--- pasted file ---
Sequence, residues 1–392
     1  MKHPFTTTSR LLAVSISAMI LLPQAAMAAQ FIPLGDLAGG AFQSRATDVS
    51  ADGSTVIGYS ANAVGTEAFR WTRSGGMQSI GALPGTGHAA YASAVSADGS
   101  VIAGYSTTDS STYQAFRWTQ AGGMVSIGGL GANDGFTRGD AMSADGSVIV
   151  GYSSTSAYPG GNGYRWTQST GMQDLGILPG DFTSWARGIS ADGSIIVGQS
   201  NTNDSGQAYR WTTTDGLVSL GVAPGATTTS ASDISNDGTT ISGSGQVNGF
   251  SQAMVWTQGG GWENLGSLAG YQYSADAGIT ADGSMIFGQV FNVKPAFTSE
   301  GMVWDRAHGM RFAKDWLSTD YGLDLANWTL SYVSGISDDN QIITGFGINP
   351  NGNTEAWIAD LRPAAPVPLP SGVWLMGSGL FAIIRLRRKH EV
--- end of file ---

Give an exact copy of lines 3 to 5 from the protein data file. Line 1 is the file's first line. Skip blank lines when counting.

    51  ADGSTVIGYS ANAVGTEAFR WTRSGGMQSI GALPGTGHAA YASAVSADGS
   101  VIAGYSTTDS STYQAFRWTQ AGGMVSIGGL GANDGFTRGD AMSADGSVIV
   151  GYSSTSAYPG GNGYRWTQST GMQDLGILPG DFTSWARGIS ADGSIIVGQS